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You’ll wish you had known about it sooner...

Updated: Sep 19, 2021

Don’t be insulted when we hear you talk and someone asks, “You ain’t from around here, are you”? The correct answer is, “No, but I got here as soon as I heard about Granville”.

The pioneer spirit is alive and well in Granville, the “Jewel on the Cumberland”!

The early settlers were referred to by historical writers as hardy, fiercely independent, and with a self-sufficient spirit. They were kind, loyal, and helpful neighbors who could usually take care of their own problems. Over two hundred years later, a group of descendants with the same traits as their forefathers want to share their story. With love and appreciation of our heritage, we use this blog to share our untold stories.

The Promised Land

Come sit beside me and let me tell you about my Granville located on the Cumberland River in the Upper Cumberland region of Tennessee. Listen to my story and you’ll know why the settlers called it “The Promised Land”. The Granville I experienced was somewhere between riverboat travel and Cordell Hull Dam flooding the farmland. When you got to Granville, you knew you were in the Old South, unlike anywhere else in the United States. Unlike Texas, Florida, the east, west, or north. You were in the land of Magnolia trees. By the creek were beautiful willow trees with branches arching to the ground which provided a place to hide and read. When not hiding and reading, I could be found in the tobacco patch, in the barn milking cows, or in the kitchen cooking. Tobacco growing, milking cows, and cooking are all good stories for another day.

Some Things Never Change

Much like today, you knew everyone and “everyone knew your business”. I guess some things never change.

We eat fried chicken, beans, (pinto or white) greens, (like turnip or collard), grits, cornbread, biscuit and gravy, country ham, chess pie, fried pies, and drink sweet tea. Of course, sweet tea is one word when we say it. We’ll be talking about some of those family recipes later.

Folks From Around Here

People sit on the porch and visit with neighbors. Things move at a slower pace than in cities. Most remember their manners and still say "yes-mam" and "sir", "pardon, excuse me," and "thank you".

"Folks" go to church, listen to country music, love football but it is second to NASCAR racing, drink beer and are still known to make a little moonshine. Many families still have family dinner, around here that's the noon meal, every Sunday after church.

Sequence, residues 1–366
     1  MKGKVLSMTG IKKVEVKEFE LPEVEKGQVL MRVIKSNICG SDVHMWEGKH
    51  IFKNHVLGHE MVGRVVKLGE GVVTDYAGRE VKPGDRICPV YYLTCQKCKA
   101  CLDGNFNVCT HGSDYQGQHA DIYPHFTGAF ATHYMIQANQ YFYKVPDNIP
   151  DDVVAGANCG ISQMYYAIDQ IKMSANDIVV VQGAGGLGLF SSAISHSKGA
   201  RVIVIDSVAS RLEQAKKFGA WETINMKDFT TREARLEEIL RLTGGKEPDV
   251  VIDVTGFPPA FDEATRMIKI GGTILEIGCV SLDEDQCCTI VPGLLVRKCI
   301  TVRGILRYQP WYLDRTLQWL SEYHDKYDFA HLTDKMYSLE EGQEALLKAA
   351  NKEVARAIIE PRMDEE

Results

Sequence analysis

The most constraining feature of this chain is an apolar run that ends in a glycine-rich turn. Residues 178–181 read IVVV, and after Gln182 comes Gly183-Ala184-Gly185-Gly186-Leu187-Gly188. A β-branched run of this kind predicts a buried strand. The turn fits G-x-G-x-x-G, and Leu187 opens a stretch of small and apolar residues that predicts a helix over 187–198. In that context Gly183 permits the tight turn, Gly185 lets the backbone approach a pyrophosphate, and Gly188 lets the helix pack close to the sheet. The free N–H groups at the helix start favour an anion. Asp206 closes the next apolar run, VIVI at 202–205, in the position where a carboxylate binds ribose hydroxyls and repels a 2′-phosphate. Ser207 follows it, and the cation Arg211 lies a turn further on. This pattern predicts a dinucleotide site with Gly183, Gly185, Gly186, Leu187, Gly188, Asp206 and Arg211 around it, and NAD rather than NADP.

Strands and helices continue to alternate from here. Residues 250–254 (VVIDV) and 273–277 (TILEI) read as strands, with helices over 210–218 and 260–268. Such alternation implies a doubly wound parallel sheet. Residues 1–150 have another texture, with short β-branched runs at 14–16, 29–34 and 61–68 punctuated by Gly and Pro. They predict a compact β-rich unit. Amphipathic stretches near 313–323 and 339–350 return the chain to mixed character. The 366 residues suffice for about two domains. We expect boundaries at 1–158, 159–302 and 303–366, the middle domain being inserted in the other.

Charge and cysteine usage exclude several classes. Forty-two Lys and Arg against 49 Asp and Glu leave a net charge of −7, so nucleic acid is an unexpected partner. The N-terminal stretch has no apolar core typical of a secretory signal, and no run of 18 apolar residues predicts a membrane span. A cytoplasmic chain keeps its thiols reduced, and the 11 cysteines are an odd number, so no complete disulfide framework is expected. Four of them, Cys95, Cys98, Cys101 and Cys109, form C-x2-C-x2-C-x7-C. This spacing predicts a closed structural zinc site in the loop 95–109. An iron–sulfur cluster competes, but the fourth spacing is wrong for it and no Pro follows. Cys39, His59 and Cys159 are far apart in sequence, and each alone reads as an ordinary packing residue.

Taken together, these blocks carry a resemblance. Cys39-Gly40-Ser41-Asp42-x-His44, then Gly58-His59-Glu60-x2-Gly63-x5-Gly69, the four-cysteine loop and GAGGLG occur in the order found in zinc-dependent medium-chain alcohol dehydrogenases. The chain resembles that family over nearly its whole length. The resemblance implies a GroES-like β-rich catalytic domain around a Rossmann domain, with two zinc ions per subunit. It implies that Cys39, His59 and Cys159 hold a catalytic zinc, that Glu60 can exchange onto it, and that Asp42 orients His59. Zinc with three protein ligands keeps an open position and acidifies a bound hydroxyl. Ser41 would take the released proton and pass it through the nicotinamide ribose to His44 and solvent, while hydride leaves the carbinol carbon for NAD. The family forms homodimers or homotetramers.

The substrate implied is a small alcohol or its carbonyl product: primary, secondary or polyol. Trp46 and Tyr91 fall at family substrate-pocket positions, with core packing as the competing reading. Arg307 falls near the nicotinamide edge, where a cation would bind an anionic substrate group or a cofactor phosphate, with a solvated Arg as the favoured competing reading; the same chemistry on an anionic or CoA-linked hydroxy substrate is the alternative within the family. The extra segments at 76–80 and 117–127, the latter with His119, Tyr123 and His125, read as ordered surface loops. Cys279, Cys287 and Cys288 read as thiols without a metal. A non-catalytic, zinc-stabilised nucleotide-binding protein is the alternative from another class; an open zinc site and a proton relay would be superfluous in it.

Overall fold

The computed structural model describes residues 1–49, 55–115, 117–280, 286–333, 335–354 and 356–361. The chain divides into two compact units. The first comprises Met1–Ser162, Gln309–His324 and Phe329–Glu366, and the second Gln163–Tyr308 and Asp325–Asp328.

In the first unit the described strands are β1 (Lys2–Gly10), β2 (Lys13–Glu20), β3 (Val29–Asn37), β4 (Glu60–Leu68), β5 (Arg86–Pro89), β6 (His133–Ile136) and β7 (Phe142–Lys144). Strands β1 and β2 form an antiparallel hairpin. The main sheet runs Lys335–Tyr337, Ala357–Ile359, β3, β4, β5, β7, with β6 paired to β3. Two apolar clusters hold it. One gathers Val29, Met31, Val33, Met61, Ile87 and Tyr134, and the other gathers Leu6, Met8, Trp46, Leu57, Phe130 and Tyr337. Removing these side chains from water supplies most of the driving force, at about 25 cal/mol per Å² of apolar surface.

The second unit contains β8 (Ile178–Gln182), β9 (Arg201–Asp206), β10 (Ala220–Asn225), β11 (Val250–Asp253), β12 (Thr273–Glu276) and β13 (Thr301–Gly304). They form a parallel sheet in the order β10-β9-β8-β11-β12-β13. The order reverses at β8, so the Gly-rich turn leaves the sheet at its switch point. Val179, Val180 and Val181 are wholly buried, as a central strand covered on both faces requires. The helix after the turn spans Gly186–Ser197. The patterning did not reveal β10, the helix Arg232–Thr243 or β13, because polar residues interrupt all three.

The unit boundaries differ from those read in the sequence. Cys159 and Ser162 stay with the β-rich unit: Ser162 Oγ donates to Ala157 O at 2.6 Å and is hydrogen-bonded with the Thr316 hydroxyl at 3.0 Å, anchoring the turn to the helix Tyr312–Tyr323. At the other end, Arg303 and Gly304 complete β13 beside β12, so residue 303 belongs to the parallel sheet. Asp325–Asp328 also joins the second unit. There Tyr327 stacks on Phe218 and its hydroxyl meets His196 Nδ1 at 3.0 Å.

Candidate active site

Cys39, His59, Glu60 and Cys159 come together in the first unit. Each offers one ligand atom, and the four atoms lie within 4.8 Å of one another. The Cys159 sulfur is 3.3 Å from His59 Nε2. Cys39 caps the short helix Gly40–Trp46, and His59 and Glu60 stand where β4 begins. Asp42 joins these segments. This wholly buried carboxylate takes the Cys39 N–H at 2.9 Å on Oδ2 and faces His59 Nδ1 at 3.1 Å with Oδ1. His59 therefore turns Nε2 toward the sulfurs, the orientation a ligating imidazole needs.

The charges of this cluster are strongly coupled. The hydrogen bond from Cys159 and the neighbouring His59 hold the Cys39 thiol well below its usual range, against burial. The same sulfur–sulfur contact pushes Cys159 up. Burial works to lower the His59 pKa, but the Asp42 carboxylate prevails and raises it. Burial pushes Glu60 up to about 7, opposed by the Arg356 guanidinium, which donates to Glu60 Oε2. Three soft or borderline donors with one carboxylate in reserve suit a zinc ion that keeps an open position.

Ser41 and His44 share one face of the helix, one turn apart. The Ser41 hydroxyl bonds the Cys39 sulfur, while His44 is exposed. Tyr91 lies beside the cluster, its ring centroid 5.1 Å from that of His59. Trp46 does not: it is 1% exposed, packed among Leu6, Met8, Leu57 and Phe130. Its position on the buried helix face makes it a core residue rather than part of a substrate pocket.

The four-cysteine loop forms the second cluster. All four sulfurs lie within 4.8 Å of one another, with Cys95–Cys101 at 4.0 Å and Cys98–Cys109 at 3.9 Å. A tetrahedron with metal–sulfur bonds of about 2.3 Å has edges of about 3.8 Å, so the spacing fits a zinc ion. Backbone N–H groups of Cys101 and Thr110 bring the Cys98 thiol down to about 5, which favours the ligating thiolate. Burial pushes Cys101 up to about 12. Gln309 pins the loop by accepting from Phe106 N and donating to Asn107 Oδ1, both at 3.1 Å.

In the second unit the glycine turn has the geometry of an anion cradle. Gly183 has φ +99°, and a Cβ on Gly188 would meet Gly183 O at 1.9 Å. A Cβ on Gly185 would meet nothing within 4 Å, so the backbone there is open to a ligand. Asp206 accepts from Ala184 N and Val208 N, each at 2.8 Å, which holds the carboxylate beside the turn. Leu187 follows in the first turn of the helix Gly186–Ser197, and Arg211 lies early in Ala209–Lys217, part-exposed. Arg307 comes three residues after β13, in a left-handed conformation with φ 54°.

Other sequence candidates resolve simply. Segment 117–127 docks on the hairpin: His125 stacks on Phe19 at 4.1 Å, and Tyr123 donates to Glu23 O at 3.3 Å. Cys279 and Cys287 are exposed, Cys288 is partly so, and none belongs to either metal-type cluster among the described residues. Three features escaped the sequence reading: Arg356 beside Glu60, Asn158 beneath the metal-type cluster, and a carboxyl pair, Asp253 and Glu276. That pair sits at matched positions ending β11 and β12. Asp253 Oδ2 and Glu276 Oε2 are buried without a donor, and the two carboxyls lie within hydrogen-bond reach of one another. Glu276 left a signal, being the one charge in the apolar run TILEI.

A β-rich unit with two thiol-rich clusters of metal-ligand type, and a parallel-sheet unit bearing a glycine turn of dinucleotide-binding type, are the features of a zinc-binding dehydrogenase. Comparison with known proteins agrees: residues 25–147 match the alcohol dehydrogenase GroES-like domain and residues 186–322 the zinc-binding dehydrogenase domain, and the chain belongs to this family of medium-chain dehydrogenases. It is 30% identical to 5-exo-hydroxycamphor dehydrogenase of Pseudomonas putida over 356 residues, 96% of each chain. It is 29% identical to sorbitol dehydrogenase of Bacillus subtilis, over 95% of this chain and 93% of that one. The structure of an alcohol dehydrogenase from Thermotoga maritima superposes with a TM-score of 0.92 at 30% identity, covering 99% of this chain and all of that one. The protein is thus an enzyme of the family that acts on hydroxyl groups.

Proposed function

Just to help you carry on a conversation in my Granville, you need to know this is the world of sayings. If you’re upset about something, "Put your big girl panties on and get over it." "Fixing to" means preparing, "I'm fixing to go to town." When you’re fixing to get your picture made, you might hear, "Put some color on your lips and suck your stomach in". Don’t be insulted when we hear you talk and someone asks, “You ain’t from around here, are you”? The correct answer is, “No, but I got here as soon as I heard about Granville”. We’ll talk about these colorful saying when we know the preacher can’t hear us.

Listen carefully, “Suga”, we mean no harm when we address you as Honey, Daling (that means Darling), or Sweetie. Don’t be insulted if a gentleman opens the door for you or tips his hat and greets you with , “Evening Mam”. This just means he remembers his raisin’, his Mama and them taught him well.

Historic Granville: Tennessee’s Mayberry Town

Today, my Granville is referred to as “Historic Granville: Tennessee's Mayberry Town”. It is a destination, a place to spend the day. There is so much to see and do, it will take you at least four hours. Please plan to spend the day, stay five hours, allow time to “sit a spell” and enjoy the quiet natural beauty of Cordell Hull Lake.

My Granville is a very different place that when I was a skinny little girl hiding under a willow tree. I am now a silver haired great grandmother with lots of Granville friends who look forward to sharing memories with you. One thing remains the same, our passion for this quaint little town of Granville. Follow our blog as we share our passion for Granville.

Visit and experience our passion! Historic Granville Hours of operation: Wednesday- Friday 11AM-3PM and Saturday 11AM-5PM.

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I'm a family history addict and love researching my many ancestors who found their way to the area. One of the earliest came as a Longhunter in 1769. Others settled there in the early 1800s. Keep those stories comin'!

Brenda Cowan Francis


It always brings a sense of peace in the midst of chaos when I walk through Granville.


Such a pleasure to read your wonderful stories! Thank you Liz!


Karen Hall Sarraga
Karen Hall Sarraga
Aug 24, 2021

I ”ain’t from around here” but my granddaddy was and his daddy and granddaddy too so my roots run deep in Granville 💕. I look forward to more stories to help me learn more about the town.

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